As a teenager, I studied dance in La Escuela de Bellas Artes in Ponce, PR. At 17, [I] moved to NYC to pursue careers in dance and science. In 2006, I graduated with a dual major of Dance and Biology with a minor in Chemistry from Hunter College. I currently hold a masters degree in Dance Education from NYU Steinhardt. Today I am a renowned Bomba master dancer, choreographer, scholar, dance educator and author. [I wrote] the first bilingual Bomba children’s book, titled “Bomba Puertorriqueña” and illustrated by Boricua artist, Mia Roman.

I’ve had the privilege to perform in multiple venues across NYC and the world – from the prestigious Lincoln Center, Madison Square Garden, City Center, Summerstage, Pregones Theater, BAAD, The Latin Billboards Awards, dancing for Don Omar with choreography by Maria Torres O’Connor, to amazing community centers.

I am a cultural warrior (guerrera cultural) who safeguards our traditions of Bomba Puertorriquenas, via [my] 501c3 non-profit dance organization: Bombazo Dance Co, Inc and international brand of Caribbean dance skirts: Bombazo Wear-Bomba & Caribbean Dance Skirts®. I was recently  featured in Lin Manuel Miranda’s movie, In The Heights, as the Bomba representation.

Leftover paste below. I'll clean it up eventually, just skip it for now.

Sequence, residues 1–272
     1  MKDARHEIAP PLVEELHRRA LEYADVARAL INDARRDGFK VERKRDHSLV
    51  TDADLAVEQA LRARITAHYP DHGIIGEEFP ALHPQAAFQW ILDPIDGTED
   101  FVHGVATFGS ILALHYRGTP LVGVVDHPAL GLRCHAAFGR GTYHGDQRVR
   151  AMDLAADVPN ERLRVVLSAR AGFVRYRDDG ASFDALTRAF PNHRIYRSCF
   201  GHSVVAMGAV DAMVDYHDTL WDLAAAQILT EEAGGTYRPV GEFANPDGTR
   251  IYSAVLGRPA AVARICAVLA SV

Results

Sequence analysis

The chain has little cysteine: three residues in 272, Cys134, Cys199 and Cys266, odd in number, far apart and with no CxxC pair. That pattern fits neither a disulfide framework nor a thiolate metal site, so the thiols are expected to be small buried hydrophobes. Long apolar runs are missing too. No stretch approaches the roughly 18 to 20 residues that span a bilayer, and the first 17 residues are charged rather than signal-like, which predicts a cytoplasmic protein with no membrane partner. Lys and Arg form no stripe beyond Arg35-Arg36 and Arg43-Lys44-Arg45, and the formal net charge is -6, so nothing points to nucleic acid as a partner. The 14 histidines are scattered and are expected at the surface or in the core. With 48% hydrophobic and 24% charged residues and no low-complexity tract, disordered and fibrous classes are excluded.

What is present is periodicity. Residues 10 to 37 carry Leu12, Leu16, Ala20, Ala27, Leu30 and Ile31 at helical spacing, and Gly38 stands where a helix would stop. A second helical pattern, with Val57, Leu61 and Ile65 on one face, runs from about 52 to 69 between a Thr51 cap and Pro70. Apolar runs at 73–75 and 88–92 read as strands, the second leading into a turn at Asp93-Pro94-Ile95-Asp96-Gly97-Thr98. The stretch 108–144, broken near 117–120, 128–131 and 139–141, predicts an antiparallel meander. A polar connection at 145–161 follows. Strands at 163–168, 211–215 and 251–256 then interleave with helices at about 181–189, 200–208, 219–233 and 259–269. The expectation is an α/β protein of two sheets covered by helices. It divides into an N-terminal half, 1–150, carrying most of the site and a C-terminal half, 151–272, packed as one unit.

How was your experience filming ‘In the Heights’?

Being invited to dance Bomba for In the Heights was a surreal experience and a dream come true! It was an honor to represent our African heritage through our traditional dances. However, one of my favorite memories came after the movie premiered…. I had the opportunity to open the 2021 Virtual National Puerto Rican Day Parade in NYC, where Lin and I danced Bomba together.